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Viscous stress tensor

  1. Jan 28, 2014 #1

    joshmccraney

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    hey pf!

    in reading a book on viscous stresses i found the following: [tex]\tau_{ij}=2\mu\Big(s_{ij}-\frac{1}{3}s_{kk}\delta_{ij}\Big)[/tex] where einstein summation is used. now we have [tex]s_{ij}=\frac{1}{2}\Big(\frac{\partial u_i}{\partial x_j}+\frac{\partial u_j}{\partial x_i}\Big)[/tex] and then the claim is incompressible flow implies [itex]s_{kk}=0[/itex]. can someone explain why this is so?

    im using standard notation, but if i need to clarify let me know.

    thaks!
     
  2. jcsd
  3. Jan 28, 2014 #2
    Well, s_ij is the elastic stress tensor, isn't it?
    The diagonal components (s_ii) describe the compression stress so if there is no compression...
    The off diagonal components describe shear stress.
     
  4. Jan 28, 2014 #3

    joshmccraney

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    for sure, but does incompressible flow imply zero compression? (i suppose here i am not thinking of my control volume as an infintesimal unit of fluid, but instead, perhaps a solid submerged). in this case, would the above work, or are we just talking about fluids as our control volume (in which case, i totally agree/understand what you're saying)?
     
  5. Jan 28, 2014 #4

    AlephZero

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    If the OP, ##s_{ij}## it is the elastic strain tensor.

    ##s_{kk}## is just the change in volume of a fluid element. Incompressible means the change in volume is zero, by definition.
     
  6. Jan 28, 2014 #5

    joshmccraney

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    are you sure? [itex]\frac{\partial u_i}{\partial x_i}[/itex] represents change in velocity, [itex]u_i[/itex], with respect to a spacial dimension, [itex]x_i[/itex]. could you explain how this partial derivative is a volume change (i don't think the units add up), or are you referring to the vector (adopting einstein's summation notation), for which we'd have some sort of gradient [itex]\nabla \vec{u}[/itex], which still seems incorrect as a volume change.

    let me know what you think

    thanks
     
  7. Jan 28, 2014 #6

    joshmccraney

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    oh, and yes on the strain, not stress (which you evidently already know)
     
  8. Jan 28, 2014 #7
    sij is neither the elastic stress tensor nor the elastic strain tensor. For a viscous fluid, sij as used here is the rate of deformation tensor. The rate of deformation tensor is equal to the sum of the velocity gradient tensor and its transpose, divided by 2.

    Now for skk using Einstein summation notation:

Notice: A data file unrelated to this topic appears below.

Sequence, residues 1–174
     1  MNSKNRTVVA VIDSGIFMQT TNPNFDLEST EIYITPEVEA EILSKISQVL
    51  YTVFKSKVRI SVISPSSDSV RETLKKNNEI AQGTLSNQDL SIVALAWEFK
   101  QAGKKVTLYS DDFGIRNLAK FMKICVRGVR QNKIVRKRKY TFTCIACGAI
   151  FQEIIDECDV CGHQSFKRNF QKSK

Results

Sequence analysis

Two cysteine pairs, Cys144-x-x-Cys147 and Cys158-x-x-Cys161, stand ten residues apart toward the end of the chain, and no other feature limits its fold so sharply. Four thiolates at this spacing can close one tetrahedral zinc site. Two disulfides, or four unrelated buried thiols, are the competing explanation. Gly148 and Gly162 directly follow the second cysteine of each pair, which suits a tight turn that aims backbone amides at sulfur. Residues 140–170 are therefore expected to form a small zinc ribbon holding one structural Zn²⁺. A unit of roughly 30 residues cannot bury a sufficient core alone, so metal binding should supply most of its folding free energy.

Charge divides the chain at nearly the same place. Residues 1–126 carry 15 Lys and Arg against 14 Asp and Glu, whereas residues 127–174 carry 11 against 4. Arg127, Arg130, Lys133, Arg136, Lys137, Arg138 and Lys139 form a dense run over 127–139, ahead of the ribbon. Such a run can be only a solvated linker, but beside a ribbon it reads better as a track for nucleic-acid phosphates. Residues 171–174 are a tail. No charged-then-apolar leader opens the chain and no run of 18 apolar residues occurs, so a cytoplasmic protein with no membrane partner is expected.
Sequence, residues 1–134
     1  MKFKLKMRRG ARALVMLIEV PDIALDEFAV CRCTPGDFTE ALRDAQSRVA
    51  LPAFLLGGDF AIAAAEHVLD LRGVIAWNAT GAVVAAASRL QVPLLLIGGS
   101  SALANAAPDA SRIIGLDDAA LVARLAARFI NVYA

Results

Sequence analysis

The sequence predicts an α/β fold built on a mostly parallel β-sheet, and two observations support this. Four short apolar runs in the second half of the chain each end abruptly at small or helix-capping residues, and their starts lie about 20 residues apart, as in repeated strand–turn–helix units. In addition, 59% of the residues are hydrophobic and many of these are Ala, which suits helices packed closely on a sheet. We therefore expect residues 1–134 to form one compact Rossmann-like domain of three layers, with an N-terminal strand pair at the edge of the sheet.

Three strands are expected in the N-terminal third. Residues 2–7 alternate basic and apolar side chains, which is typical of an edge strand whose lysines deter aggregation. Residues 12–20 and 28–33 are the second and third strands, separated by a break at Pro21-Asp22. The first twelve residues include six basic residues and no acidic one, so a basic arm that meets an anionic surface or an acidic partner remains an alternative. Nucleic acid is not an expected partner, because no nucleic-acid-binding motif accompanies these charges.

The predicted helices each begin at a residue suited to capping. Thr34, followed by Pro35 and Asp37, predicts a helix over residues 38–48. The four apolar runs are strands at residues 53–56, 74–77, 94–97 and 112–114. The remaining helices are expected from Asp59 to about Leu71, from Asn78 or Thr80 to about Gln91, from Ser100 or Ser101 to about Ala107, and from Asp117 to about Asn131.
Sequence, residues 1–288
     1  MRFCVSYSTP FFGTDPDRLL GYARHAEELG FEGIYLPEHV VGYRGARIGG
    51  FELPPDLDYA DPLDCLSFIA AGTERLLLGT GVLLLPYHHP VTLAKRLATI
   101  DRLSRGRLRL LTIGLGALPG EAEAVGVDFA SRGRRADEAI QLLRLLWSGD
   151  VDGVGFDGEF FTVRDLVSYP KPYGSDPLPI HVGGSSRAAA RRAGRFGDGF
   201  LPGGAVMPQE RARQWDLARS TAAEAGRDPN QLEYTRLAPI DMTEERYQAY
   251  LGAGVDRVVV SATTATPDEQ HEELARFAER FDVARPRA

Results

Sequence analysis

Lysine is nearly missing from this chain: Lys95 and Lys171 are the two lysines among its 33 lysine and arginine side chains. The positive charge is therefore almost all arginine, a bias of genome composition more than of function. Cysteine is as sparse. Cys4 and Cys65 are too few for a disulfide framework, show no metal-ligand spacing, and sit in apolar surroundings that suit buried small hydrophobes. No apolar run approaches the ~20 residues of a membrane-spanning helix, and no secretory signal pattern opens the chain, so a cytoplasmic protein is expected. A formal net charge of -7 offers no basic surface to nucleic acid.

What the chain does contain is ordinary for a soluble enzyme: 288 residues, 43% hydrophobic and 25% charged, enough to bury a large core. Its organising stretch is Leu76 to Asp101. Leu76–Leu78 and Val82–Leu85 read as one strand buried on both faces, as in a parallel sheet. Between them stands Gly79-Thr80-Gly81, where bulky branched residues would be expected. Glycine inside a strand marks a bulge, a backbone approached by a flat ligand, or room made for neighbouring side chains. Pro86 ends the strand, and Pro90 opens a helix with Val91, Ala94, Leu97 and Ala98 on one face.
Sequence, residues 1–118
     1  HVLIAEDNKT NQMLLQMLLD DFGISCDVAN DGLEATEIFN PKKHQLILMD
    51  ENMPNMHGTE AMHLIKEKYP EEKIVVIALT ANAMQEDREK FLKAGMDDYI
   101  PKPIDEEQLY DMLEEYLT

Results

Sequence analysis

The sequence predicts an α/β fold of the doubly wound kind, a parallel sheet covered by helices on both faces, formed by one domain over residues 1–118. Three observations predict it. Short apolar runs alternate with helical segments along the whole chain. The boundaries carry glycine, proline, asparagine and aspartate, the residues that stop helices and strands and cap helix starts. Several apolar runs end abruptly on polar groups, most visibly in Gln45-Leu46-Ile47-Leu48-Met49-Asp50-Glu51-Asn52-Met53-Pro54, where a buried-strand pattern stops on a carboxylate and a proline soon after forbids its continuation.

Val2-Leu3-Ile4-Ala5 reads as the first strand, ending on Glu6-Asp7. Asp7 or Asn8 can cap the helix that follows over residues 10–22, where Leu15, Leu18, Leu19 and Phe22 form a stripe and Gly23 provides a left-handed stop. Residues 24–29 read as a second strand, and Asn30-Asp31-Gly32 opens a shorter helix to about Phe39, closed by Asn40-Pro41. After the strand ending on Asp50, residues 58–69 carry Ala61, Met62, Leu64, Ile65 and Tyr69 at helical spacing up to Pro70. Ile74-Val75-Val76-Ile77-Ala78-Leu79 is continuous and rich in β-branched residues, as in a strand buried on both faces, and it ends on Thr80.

[tex]s_{kk}=\frac{1}{2}\Big(\frac{\partial u_k}{\partial x_k}+\frac{\partial u_k}{\partial x_k}\Big)=\frac{\partial u_k}{\partial x_k}[/tex]
    This is just the divergence of the velocity vector, which is zero for an incompressible fluid.
     
  9. Jan 28, 2014 #8

    AlephZero

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    Ahhh.... I'm a solid mechanics guy more than fluids, I assumed u was the displacement vector not the velocity vector. Sorry for any confusion.

    But it comes to the same thing either way. Think about a rectangular block of material with dimensions ##X## by ##Y## by ##Z##.

    The component ##\epsilon_{11}## of the strain tensor corresponds to a change in volume of the block from ##XYZ## to ##X(1+\epsilon_{11})YZ## and similarly for ##\epsilon_{22}## and ##\epsilon_{33}##.

    Combining all three strains the volume changes from ##XYZ## to ##XYZ(1+\epsilon_{11})(1+\epsilon_{22})(1+\epsilon_{33})##. If the strains are small, we can ignore terms higher than first order, so the volume is approximately ##XYZ(1+\epsilon_{11} + \epsilon_{22} + \epsilon_{33})##.

    The shear strains do not change the volume of the block, they only change its shape.

    If the material is incompressible the volume doesn't change, so ##XYZ(1+\epsilon_{11} + \epsilon_{22} + \epsilon_{33}) = XYZ##, which means that ##\epsilon_{11} + \epsilon_{22} + \epsilon_{33} = 0##.

    The argument is basically the same for the rate-of-strain tensor, except ##u_{11}##, ##u_{22}##, ##u_{33}## give the rate of change of the volume of the fluid element instead of the volume. For an incompressible fluid, the rate of change of the volume is zero.
     
  10. Jan 28, 2014 #9

    boneh3ad

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    You can also look at it in terms of the continuity equation:
    [tex]\dfrac{D\rho}{Dt} + \rho(\nabla \cdot \vec{u}) = 0.[/tex]
    An incompressible fluid implies that [itex]D\rho/Dt = 0[/itex], so that leaves
    [tex]\nabla \cdot \vec{u} = 0.[/tex]
    This, of course, is equivalent to what was above termed [itex]s_{kk}[/itex], as
    [tex]\nabla \cdot \vec{u} = (\partial_1,\partial_2,\partial_3) \cdot (u_1,u_2,u_3) = \dfrac{\partial u_1}{\partial x_1} + \dfrac{\partial u_2}{\partial x_2} + \dfrac{\partial u_3}{\partial x_3} = \dfrac{\partial u_k}{\partial x_k} = s_{kk}.[/tex]
     
  11. Jan 29, 2014 #10

    joshmccraney

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    thanks! i didn't realize the divergence, but this makes perfect sense now! but, my book calls [itex]s_{ij}[/itex] the instantaneous strain rate tensor
     
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